I’ve talked before about how much I hate changing band saw blades. Guess what? I’m talking about it again.
Sanding is generally recognized as the task most woodworker’s hate, but I’d gladly sand for hours on end to avoid changing a band saw blade. For one thing, they don’t cooperate and flop around like a fish – a fish with lots and lots of sharp scales. And for machines like mine with 12” resaw capacity and a 125” blade, the flop factor is even higher.
No matter if I wear gloves and roll my shirt cuffs down, I always get scratched while dealing with the blade. The danged things flop so much that I’ve on occasion worn my lathe face mask just in case the blade decides to go for my face while it’s writhing around.
Then, once on the machine there’s a lengthy period of getting the machine to actually work with the new blade. If it’s an exact replacement, the tweaking and tuning is pretty straightforward, but if you’re going from one size blade to another there’s an endless series of adjustments you need to make to accommodate the new blade. It takes forever. Time I could be spending sanding or something fun.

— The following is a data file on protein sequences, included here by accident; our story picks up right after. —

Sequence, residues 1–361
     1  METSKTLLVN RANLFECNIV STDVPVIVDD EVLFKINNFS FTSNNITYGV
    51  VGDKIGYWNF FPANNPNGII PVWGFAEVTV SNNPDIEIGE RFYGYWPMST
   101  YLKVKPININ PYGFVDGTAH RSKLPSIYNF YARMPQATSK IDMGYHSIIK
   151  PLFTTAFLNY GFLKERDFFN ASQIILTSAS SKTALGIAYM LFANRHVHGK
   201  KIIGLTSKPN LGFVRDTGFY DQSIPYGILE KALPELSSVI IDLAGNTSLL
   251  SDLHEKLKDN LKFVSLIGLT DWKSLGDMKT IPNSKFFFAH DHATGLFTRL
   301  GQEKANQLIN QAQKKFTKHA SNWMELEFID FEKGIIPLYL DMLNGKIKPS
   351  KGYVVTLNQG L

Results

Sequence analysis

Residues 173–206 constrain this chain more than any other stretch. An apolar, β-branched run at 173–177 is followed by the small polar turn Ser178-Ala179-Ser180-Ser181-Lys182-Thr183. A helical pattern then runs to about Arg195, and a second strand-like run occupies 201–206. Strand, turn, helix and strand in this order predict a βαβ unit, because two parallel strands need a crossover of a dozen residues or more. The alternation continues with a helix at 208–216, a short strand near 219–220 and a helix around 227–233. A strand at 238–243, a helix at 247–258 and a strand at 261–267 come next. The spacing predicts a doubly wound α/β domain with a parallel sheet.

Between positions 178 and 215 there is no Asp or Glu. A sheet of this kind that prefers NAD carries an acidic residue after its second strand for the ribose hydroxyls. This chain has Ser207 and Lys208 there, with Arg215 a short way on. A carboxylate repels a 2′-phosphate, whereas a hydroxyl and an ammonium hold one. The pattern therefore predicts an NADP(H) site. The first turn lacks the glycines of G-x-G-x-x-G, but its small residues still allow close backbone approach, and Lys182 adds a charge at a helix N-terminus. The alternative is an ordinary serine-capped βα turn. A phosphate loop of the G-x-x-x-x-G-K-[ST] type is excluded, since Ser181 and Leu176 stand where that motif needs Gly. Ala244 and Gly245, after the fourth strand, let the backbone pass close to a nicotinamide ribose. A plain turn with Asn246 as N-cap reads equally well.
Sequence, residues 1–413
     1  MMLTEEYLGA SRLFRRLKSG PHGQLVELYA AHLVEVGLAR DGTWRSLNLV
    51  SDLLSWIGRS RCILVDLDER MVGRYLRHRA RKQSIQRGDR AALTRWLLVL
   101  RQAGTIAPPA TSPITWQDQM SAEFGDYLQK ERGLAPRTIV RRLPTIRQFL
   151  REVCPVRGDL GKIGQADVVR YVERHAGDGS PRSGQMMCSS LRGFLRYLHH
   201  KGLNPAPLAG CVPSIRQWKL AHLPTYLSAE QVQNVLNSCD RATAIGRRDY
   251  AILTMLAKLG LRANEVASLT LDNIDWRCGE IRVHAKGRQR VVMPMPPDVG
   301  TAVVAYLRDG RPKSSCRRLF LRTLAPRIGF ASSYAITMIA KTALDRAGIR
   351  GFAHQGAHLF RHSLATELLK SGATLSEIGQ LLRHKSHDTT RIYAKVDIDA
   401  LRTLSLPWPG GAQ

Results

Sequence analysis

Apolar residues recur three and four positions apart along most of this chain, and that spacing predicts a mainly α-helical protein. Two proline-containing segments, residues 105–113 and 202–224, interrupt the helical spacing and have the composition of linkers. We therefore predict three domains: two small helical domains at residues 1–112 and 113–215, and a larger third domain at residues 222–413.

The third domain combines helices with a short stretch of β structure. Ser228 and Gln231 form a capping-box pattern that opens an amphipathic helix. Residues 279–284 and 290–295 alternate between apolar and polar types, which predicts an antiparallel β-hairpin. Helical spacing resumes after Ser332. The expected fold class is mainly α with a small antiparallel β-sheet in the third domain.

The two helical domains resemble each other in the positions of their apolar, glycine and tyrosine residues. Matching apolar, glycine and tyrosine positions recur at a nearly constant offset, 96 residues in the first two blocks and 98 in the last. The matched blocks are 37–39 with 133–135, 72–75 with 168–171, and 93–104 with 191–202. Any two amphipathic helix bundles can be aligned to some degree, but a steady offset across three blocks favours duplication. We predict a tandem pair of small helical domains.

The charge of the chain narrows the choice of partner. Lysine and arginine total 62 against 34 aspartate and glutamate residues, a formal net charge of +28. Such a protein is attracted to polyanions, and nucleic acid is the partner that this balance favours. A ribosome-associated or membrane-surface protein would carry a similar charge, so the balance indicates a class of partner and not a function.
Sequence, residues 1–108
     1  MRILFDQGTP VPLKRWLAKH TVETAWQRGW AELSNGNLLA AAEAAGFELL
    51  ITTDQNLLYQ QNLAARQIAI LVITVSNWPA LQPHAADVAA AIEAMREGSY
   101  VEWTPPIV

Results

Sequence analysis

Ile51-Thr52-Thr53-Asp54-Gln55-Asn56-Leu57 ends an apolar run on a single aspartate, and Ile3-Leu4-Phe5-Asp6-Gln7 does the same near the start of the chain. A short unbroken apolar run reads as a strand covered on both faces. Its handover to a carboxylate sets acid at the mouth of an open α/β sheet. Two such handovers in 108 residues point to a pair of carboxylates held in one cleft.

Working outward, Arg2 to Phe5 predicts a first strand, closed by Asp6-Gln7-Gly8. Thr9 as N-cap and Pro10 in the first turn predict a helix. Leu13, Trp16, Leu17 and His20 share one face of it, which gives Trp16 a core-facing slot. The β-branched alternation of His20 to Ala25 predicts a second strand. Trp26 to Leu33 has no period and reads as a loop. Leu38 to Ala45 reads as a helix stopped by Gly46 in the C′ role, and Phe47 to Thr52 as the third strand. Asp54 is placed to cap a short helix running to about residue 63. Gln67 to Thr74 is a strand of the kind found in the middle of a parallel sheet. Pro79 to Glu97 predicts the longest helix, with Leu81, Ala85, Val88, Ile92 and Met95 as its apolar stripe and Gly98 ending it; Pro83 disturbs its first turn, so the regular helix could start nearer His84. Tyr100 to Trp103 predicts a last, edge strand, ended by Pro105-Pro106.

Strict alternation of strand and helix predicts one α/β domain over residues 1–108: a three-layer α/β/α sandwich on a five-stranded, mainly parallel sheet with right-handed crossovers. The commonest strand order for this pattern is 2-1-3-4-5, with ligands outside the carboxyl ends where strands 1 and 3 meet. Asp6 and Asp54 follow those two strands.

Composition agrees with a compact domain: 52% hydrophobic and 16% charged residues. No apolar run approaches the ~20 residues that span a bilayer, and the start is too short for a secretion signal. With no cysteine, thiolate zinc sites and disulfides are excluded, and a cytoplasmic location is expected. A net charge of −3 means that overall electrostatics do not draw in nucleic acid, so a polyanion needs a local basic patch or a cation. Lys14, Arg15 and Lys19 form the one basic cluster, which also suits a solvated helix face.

It’s such an ordeal (at least, for me) that I tend to put off changing the blade, leading to either trying to make tight curves with a too-wide blade or ignoring the fact that the blade is dull and needs to be dealt with. In short, I’d rather do almost anything else in the shop than change that blade.
I’ve opined before that if I was rich and had lots of room, I’d have two band saws – one with a wider blade for resawing and thick material, and one with a narrow blade for tight curves and thin stock. Well, I’m no richer than before, but my new shop has tons of space. I’m thinking maybe the time has come to investigate getting that second machine.
Of course, if I buy a second machine I’ll have to put a blade on it.